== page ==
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Mass. malls see 'huge increase in foot traffic' as holiday shopping begins

A shopper passed a Macy's store holiday window in Downtown Crossing in Boston in December 2020. (Craig F. Walker/The Boston Globe via Getty Images)
A shopper passed a Macy's store holiday window in Downtown Crossing in Boston in December 2020. (Craig F. Walker/The Boston Globe via Getty Images)

Brick-and-mortar retailers say the holiday shopping season is off to a strong start in Massachusetts.

Many residents stuck to online shopping last year as a safe and convenient way to check off wish lists. But with more than two-thirds of the state vaccinated this year, most feel free to peruse the aisles in person again.

Filling a cart in person also has an another advantage: It's the only way to ensure supply-chain woes and shipping delays won't leave stockings empty.

"Physical shopping is sort of simplifying people's experience, and I also think it's instant gratification, for sure," said Carina Donoso, senior director of retail experience and incubation at WS Development, which owns more than 40 outdoor shopping centers in Massachusetts. "We are, without doubt, seeing a huge increase in foot traffic over 2019, pre-pandemic."

In addition, some shoppers have a little extra to spend this year, thanks to stimulus checks and extra savings at the height of the pandemic, when people stayed home instead of traveling or eating out.

The day after Thanksgiving, Black Friday, has long represented the traditional start of the holiday shopping season. But in reality, many shoppers start far earlier. Some retailers like Target and Amazon began their sales in October this year.

Edgar Dworsky, founder of ConsumerWorld.org in Somerville, predicts many popular items, such as video game consoles, could be more expensive this year or difficult to find in the stores.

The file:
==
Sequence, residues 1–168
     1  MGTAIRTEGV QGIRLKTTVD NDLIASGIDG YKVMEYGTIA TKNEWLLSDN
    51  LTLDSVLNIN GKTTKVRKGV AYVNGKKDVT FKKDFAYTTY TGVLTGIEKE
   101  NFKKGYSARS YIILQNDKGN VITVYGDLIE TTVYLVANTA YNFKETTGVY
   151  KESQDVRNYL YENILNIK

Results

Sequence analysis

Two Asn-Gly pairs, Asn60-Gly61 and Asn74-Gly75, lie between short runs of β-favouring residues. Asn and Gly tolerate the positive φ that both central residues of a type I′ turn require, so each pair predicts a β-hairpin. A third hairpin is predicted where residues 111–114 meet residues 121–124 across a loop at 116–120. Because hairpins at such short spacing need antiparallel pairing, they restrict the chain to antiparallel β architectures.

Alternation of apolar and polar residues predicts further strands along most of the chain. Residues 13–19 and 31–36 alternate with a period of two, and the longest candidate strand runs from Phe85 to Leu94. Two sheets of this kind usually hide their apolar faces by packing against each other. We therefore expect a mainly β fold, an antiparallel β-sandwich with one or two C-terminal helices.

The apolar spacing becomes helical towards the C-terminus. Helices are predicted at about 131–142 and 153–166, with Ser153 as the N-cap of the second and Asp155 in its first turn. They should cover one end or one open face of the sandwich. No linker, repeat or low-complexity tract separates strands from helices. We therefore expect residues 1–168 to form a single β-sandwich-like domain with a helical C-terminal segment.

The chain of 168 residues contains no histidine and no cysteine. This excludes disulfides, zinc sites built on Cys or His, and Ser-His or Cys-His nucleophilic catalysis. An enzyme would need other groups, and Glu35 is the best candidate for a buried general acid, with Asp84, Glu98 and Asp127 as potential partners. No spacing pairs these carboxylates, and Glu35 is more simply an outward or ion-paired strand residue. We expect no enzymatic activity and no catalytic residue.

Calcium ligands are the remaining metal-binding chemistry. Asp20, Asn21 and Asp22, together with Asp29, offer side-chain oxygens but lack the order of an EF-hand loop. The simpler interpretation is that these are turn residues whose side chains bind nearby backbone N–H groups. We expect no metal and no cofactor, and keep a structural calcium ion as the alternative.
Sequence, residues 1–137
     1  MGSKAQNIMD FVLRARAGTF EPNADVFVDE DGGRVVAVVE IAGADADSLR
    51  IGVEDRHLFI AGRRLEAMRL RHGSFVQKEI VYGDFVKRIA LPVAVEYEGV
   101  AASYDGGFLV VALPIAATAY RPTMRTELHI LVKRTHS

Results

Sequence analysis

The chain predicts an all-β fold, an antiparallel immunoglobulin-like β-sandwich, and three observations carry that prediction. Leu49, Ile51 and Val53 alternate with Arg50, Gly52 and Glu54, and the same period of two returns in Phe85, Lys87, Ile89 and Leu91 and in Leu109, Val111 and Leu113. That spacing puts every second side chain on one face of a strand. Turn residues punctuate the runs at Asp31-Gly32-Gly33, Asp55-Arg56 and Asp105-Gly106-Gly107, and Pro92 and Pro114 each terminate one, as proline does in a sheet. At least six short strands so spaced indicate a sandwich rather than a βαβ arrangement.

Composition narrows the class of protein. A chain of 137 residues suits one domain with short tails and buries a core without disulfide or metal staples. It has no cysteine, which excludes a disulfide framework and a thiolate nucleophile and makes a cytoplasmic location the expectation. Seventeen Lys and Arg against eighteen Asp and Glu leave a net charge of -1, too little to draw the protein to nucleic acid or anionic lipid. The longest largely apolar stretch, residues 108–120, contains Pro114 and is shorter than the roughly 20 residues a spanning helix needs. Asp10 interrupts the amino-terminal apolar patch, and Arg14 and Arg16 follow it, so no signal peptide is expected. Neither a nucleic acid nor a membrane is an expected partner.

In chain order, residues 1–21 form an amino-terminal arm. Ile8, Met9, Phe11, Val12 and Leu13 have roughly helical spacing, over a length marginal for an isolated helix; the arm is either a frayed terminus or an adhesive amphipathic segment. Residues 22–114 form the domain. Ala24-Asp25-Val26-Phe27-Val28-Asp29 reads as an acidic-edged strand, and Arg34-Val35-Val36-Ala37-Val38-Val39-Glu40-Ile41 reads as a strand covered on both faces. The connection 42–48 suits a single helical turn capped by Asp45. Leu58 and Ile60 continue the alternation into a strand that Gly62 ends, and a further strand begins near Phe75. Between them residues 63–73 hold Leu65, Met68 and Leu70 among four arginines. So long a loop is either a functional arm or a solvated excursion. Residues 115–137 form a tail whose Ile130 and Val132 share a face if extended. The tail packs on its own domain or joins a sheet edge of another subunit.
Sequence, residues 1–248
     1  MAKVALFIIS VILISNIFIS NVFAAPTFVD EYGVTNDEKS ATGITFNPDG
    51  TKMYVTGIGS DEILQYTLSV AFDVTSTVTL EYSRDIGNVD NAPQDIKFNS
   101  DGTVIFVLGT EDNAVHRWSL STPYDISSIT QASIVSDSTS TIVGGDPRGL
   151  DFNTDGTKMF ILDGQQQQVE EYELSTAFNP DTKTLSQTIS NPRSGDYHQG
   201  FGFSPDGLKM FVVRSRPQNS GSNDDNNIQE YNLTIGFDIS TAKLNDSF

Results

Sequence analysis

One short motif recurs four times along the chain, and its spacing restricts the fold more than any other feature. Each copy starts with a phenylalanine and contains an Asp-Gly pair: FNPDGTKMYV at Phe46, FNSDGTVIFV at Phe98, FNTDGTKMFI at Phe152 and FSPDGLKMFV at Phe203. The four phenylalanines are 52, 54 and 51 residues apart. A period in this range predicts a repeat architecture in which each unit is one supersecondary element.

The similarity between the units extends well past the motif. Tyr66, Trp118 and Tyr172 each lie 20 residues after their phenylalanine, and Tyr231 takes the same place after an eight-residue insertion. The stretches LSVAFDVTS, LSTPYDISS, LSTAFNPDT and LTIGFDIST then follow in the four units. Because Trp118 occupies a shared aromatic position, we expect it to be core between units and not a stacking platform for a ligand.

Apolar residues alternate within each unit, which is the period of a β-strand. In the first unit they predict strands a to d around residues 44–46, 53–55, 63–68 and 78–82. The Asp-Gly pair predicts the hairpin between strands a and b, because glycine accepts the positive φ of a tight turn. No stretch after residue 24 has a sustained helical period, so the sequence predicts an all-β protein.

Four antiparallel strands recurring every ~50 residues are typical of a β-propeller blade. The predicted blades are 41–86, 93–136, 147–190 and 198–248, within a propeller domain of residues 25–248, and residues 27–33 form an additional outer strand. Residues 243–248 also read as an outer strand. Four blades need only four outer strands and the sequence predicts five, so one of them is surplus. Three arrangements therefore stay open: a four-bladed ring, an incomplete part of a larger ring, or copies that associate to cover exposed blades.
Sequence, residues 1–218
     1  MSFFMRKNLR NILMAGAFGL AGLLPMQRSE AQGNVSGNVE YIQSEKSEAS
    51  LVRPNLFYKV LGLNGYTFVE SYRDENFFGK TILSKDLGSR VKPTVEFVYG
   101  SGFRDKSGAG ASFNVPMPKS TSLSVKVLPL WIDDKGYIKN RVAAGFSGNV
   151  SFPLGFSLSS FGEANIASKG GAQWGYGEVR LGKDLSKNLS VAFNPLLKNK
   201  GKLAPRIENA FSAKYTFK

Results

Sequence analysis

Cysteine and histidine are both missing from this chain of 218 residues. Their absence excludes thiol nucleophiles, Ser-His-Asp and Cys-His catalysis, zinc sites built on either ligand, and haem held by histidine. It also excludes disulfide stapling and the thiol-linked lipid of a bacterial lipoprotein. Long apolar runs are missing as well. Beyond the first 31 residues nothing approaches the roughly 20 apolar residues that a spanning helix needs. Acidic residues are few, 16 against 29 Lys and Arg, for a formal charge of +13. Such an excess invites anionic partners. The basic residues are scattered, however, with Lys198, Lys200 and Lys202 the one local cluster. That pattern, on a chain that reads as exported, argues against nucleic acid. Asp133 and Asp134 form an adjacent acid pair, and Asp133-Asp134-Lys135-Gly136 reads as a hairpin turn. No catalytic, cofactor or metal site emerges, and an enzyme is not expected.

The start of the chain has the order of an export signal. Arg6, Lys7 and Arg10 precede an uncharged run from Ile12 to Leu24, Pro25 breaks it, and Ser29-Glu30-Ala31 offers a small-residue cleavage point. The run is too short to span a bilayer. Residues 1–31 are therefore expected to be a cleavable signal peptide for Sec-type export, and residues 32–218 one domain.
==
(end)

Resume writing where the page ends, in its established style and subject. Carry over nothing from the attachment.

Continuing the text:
"Prices are higher. Quantities are limited," he said.

The holiday season traditionally extends well past Christmas, as many people flock to stores to make returns or spend gift cards. Dworsky noted that many stores have extended their return policies well into January.

Jon Hurst, president of the Retailers Association of Massachusetts, said the holiday season typically accounts for about 20% of retail sales. But it's even higher at stores that sell clothing, jewelry and toys.

Overall, Hurst expects retail sales this season to rise 6% in the state compared to last year — with even larger increases at brick and mortar stores. Still, the increase trails its forecast for 2020, when it predicted a 9% rise. And the National Retail Federation has projected an even bigger rise nationally — 8.5% to 10.5% boost in sales.

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Callum covers the Greater Boston business community for Bostonomix.

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Fausto Menard is producer of WBUR's Weekend Edition and news writer for All Things Considered.

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